Fairytale Tales: Use And Functions Of Fairy Tales

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1. Use and Function of Fairy Tales Fairy tales belong to the antiquated belief of folklore, which the OED defines as “[a] traditional thinking of beliefs, legends, as well as customs…” (OED, folklore). One reason why fairy tales belong to the folklore is the representation of old customs, habits, manners and the conception of the ancient times when fairy tales had been created. Being an old tradition of storytelling, fairy tales found their origin a long time ago and at first had been transmitted orally, later written down, printed and spread. However, the stories had to be adapted to contemporary means with every new time period, this adaptation had to leave out some gruesome facts of stories in order to be sold. “It was not until the eighteenth…show more content…
Among other things, these tales present a picture of sexual roles, behavior, and psychology, and a way of predicting outcome or fate, according to sex, which is important because of the intense interest that children take in „endings“; they always want to know how things will „turn out“. (Lieberman, Someday my Prince Will Come: Female Acculturation through the Fairy Tale. 384) Going above the didactic function. Fairy tales have an actual impact on the psychological rationality of a child’s mind. Waiting for the ending represents the longing of knowing what becomes to each person due to their behavior and position in the story and therefore teaches more than just behavior but rather the result of certain positions and behavior. In addition to that, the culture of re-writing fairy tales were just to be suitable for the adult’s needs in particular historical as well as social contexts (Lewis, Review: Defending Children against Fairy Tales.…show more content…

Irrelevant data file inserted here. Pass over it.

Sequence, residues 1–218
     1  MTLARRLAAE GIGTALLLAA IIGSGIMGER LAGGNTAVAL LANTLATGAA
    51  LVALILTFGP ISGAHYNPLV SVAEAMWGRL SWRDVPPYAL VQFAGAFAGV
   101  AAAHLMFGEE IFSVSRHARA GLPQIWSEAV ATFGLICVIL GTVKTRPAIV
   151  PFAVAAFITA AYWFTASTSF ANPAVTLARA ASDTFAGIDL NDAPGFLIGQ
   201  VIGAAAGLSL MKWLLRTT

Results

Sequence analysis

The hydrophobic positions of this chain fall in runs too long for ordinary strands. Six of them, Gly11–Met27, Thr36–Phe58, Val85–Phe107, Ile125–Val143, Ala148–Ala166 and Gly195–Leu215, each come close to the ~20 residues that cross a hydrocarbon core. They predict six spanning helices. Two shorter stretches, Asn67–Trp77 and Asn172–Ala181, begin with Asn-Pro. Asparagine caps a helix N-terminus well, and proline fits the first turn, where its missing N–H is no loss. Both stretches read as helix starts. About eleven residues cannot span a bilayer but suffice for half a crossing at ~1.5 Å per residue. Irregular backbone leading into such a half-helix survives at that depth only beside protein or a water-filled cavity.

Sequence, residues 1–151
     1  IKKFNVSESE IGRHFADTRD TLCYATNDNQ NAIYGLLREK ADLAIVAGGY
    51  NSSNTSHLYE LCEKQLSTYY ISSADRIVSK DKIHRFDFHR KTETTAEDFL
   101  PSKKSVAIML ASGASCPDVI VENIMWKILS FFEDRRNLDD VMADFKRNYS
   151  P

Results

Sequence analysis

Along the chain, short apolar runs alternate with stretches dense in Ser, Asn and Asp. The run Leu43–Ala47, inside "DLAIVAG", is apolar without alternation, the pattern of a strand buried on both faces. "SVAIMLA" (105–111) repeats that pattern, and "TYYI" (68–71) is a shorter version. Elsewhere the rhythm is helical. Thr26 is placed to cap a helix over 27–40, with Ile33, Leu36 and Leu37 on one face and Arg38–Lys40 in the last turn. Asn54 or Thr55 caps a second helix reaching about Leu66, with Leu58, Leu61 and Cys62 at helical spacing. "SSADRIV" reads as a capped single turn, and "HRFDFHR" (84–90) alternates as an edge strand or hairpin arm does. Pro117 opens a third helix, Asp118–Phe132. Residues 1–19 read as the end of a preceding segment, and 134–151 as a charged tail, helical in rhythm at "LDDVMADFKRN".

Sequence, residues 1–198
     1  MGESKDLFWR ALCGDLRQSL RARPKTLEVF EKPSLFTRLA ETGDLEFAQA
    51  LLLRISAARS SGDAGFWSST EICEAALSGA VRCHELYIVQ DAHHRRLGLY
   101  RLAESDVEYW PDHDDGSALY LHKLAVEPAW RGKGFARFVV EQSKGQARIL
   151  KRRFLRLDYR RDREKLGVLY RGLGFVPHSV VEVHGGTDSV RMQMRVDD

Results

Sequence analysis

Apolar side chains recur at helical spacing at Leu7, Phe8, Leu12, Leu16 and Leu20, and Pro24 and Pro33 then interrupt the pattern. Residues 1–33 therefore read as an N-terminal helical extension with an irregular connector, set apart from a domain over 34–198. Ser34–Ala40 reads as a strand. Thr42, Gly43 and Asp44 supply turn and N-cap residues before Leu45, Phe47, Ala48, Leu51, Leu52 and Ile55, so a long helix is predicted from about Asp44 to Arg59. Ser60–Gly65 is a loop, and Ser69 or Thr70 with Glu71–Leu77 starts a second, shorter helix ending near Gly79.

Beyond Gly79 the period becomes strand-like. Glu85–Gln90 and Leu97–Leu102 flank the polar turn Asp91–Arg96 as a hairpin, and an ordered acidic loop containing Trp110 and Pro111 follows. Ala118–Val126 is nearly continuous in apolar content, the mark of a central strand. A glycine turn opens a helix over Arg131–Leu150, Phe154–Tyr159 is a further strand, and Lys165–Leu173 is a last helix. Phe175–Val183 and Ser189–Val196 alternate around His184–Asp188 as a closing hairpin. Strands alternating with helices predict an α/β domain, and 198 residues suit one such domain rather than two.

But as mentioned before, it had not always been this way. “Victorian writers are primarily responsible for bringing fairy tales into the nursery” (Lewis, 403) because it was an adequate instrument to convey education as well as socialization for “productive activity and proper behavior” (403). Even today it is easier to reprocess ancient traditions in order to educate children on morals and behavior, simply because it is easy to use and nobody needs discover distinct concepts on how to educate children on those crucial principles. Above “proper” behavior (404) fairy tales can also represent “misogyny, violence and anti-Semitism in many of [their] [texts]”, which could result as a perpetuation in the subconscious of younger generations (404). Contemporary fairy tales process a precise adaptation into present conceptions, but furthermore not all fairy tales are for publication but "only the best-known stories, those that everyone has read or heard, indeed, those that Disney has popularized have affected masses of children in our culture” (Lieberman, “Some Day My Prince Will Come”: Female Acculturation through the Fairy Tale.

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